Cystic Fibrosis Research News № 6
Inserting More Mutations May Improve CFTR Function
Our understanding of the underlying biology of cystic fibrosis has grown more sophisticated over several decades: from the determination in 1989 that CF is driven by the protein CFTR to our current capacity to model the protein’s structure with computer simulations.
During this time, innovative new therapies have grown in tandem with our biological understanding. The suite of drugs to treat the underlying cause of CF already contains FDA-approved CFTR modulators, and development is underway for gene therapy, mRNA therapy, and other next-generation drugs.
Researchers in the UK and Canada are developing an even more novel and somewhat curious therapeutic approach – mutating CFTR in a second location to compensate for the problems caused by its initial mutation. Early data is very promising, and new therapeutic approaches that come out of this research may complement current modulator drugs and even offer new strategies for gene therapy.
One would not expect that intentionally adding mutations to an already-defective gene would improve its function. Yet from a molecular perspective, this approach may be helpful. The CFTR protein is made up of four domains or regions: two nucleotide binding domains that are situated within the cell interior plus two transmembrane domains that span the outer membrane of the cell and form the pore of the CFTR protein channel. The Delta-F508 mutation (the most common among CF patients) is located within one of the two nuclear binding domains.
A protein is essentially a long string of molecules called amino acids, folded up in a very precise orientation. For people with the Delta-F508 mutation, the amino acid phenylalanine, which would normally occupy the 508th position in this string of amino acids, is deleted. This leads to protein instability, and early degradation by the cell.
Why does the deletion of one amino acid cause the whole protein to become unstable? The amino acid phenylalanine contains an aromatic (ring-like) structure which engages in 'hydrophobic’, stabilizing interactions with other similar amino acids in the immediate vicinity. The deletion of F508 diminishes these interactions and thus the protein tends to fall apart. For the same reason, a well-placed mutation inserted into the same region of the protein may re-introduce stability by adding new chemical structures that are capable of engaging in hydrophobic interactions.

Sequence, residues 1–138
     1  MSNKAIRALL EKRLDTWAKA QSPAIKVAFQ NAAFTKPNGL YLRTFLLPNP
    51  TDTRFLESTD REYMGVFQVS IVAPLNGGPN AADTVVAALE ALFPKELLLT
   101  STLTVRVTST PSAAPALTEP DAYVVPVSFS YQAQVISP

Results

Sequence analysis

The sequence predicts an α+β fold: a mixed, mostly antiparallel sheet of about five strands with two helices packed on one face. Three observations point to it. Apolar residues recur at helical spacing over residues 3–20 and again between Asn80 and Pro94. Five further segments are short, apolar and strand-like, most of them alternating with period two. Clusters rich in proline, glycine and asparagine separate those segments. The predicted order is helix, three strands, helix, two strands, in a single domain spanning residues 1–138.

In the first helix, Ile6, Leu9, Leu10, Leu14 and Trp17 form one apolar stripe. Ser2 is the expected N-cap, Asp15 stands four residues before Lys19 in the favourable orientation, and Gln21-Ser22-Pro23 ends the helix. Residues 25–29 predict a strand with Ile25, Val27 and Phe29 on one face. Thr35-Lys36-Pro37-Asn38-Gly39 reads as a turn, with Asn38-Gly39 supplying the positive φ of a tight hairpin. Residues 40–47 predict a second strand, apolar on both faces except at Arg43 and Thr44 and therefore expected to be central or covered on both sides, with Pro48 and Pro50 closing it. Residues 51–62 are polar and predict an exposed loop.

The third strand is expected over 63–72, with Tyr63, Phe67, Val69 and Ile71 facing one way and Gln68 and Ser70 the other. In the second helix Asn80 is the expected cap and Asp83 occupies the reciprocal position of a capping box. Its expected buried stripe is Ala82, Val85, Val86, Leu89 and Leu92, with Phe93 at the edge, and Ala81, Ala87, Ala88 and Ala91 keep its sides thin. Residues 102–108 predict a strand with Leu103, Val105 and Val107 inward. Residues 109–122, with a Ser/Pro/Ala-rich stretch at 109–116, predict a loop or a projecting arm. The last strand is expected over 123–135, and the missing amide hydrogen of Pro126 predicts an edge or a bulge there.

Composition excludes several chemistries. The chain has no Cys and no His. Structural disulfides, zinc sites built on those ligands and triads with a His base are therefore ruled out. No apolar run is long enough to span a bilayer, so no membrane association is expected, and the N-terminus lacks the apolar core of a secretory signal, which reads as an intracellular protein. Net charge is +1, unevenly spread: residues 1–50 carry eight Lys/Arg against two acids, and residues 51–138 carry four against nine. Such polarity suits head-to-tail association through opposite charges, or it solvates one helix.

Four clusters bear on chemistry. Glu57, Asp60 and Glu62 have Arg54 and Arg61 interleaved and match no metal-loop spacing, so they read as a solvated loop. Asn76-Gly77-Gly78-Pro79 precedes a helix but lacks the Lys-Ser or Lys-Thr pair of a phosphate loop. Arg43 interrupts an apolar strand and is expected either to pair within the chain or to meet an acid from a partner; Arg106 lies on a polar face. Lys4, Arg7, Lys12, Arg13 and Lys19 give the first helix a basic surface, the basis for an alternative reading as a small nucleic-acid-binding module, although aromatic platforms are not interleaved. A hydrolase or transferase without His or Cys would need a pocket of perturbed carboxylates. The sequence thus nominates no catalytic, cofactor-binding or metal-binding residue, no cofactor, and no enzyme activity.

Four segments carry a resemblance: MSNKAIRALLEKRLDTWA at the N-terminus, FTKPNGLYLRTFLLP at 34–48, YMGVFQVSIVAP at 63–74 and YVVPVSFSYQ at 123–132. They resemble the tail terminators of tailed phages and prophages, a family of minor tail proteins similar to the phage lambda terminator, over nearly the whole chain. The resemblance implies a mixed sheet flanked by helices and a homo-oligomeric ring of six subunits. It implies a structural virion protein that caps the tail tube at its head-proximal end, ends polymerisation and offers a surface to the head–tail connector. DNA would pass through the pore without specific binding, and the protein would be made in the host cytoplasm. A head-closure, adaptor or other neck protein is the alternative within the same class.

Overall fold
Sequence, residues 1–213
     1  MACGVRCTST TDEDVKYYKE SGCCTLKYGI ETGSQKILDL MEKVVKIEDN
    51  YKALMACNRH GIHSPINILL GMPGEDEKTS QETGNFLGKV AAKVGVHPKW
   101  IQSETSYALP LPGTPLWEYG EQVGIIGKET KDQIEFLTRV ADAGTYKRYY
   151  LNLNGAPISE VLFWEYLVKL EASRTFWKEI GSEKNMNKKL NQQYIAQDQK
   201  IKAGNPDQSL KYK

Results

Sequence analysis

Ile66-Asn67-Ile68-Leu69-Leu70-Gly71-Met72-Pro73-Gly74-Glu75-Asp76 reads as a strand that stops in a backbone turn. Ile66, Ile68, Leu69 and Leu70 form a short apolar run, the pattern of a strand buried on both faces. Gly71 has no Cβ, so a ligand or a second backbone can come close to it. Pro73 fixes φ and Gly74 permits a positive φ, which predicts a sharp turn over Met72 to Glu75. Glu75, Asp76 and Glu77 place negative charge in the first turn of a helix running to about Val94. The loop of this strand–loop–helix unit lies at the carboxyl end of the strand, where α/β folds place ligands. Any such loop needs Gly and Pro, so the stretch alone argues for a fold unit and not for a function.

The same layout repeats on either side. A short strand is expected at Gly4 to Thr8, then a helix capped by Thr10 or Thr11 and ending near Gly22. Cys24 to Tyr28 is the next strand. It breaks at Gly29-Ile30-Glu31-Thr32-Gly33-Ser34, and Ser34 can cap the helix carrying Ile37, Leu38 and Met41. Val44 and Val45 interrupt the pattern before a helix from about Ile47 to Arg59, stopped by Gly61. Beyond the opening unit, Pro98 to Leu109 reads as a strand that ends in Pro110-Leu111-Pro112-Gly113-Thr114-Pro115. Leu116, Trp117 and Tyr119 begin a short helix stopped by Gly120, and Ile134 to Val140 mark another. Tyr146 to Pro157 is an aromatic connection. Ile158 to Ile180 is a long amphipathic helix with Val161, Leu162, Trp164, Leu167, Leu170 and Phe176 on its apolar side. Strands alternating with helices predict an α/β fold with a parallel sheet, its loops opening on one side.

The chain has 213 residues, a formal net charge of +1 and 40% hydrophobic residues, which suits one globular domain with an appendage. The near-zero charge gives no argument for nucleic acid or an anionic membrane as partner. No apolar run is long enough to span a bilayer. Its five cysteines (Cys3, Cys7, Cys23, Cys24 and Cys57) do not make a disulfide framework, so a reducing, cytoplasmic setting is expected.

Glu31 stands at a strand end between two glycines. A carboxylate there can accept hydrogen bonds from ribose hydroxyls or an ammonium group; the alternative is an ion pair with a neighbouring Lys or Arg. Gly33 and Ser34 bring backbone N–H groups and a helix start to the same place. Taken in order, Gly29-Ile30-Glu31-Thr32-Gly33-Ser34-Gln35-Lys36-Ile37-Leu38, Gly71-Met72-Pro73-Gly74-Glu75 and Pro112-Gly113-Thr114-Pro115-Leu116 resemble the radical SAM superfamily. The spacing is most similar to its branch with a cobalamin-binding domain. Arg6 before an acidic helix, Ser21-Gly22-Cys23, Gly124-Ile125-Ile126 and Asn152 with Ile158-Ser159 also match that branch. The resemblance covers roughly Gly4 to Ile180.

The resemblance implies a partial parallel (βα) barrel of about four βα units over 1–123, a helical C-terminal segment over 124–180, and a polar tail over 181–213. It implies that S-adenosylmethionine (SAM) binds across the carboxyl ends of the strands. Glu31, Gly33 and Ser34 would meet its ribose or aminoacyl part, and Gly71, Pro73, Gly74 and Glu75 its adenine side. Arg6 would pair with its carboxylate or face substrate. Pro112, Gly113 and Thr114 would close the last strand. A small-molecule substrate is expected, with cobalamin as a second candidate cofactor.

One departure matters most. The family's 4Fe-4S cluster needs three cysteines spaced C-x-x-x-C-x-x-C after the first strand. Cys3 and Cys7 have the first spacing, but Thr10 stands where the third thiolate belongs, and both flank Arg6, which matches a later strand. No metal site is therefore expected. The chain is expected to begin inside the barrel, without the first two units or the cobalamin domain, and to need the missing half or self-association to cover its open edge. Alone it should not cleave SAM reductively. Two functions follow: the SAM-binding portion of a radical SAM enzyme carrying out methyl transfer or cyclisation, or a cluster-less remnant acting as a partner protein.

This is exactly what the researchers achieved – they used a technique called site-directed mutagenesis to introduce a variety of new mutations into one of the nuclear binding domains of CFTR and see if these mutations could compensate for the dysfunction caused by Delta-F508. Ultimately, they found one mutation - labeled R1070W because it replaces the amino acid arginine (R) at position 1070 in the string of amino acids with another amino acid called tryptophan (W) - that did the job quite well. When the CFTR protein containing this R1070W mutation was assessed for its ability to conduct ions across the cell membrane (as functional CFTR should), it performed far better than Delta-F508 mutant CFTR and reasonably close to normal CFTR.
Why is this manually-inserted mutation so effective? The study employed sophisticated, computer-based molecular dynamics simulations, which showed that tryptophane possesses an aromatic group just like phenylalanine, whereas arginine (the amino acid typically found at position 1070), does not have an aromatic functional group. The researchers believe that introducing tryptophan compensates for the loss of phenylalanine because the two amino acids are similar in structure. Tryptophan re-introduces some of the chemical stability that the missing phenylalanine helped provide. Although F508 and W1070 are found at distant positions on the string of amino acids (562 amino acids apart, to be exact), proteins like CFTR are so intricately folded that the amino acids far apart in sequence actually may be found very close together in physical space (as is the case here).
This study has very interesting translational implications. For one, if the R1070W mutation does increase CFTR stability, this mutational approach may be used in conjunction with CFTR modulators to make a combined therapy that is even more effective. Furthermore, the mutational approach may also provide a potentially more feasible strategy for CF gene therapy. Instead of attempting to replace the mutant version of the CFTR gene with a functional copy, which involves a complicated cellular process called homology-directed repair (HDR) and has shown limited success in the past, researchers may instead focus on introducing new mutations using gene editing techniques, which is mechanistically more simple and may be more viable as a therapeutic strategy.